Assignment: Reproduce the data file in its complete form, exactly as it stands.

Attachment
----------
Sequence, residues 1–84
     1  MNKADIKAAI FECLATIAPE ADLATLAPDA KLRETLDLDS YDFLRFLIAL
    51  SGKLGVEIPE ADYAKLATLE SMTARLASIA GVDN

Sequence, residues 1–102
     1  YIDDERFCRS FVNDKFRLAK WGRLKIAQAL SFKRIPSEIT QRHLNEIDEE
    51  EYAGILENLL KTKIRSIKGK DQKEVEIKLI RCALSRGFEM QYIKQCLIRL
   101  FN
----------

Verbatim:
Sequence, residues 1–84
     1  MNKADIKAAI FECLATIAPE ADLATLAPDA KLRETLDLDS YDFLRFLIAL
    51  SGKLGVEIPE ADYAKLATLE SMTARLASIA GVDN

Sequence, residues 1–102
     1  YIDDERFCRS FVNDKFRLAK WGRLKIAQAL SFKRIPSEIT QRHLNEIDEE
    51  EYAGILENLL KTKIRSIKGK DQKEVEIKLI RCALSRGFEM QYIKQCLIRL
   101  FN